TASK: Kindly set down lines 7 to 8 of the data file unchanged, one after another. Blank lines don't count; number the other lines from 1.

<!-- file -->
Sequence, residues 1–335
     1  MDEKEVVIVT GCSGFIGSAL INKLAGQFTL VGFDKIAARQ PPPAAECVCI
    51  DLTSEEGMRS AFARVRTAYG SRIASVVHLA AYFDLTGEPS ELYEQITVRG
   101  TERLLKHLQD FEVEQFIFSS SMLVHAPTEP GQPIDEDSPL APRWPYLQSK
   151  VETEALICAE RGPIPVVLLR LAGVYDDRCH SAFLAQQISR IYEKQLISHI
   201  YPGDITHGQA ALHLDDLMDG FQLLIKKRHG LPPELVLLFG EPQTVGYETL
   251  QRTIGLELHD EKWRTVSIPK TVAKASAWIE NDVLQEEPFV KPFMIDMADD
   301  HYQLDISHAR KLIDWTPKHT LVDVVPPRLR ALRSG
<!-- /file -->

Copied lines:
   251  QRTIGLELHD EKWRTVSIPK TVAKASAWIE NDVLQEEPFV KPFMIDMADD
   301  HYQLDISHAR KLIDWTPKHT LVDVVPPRLR ALRSG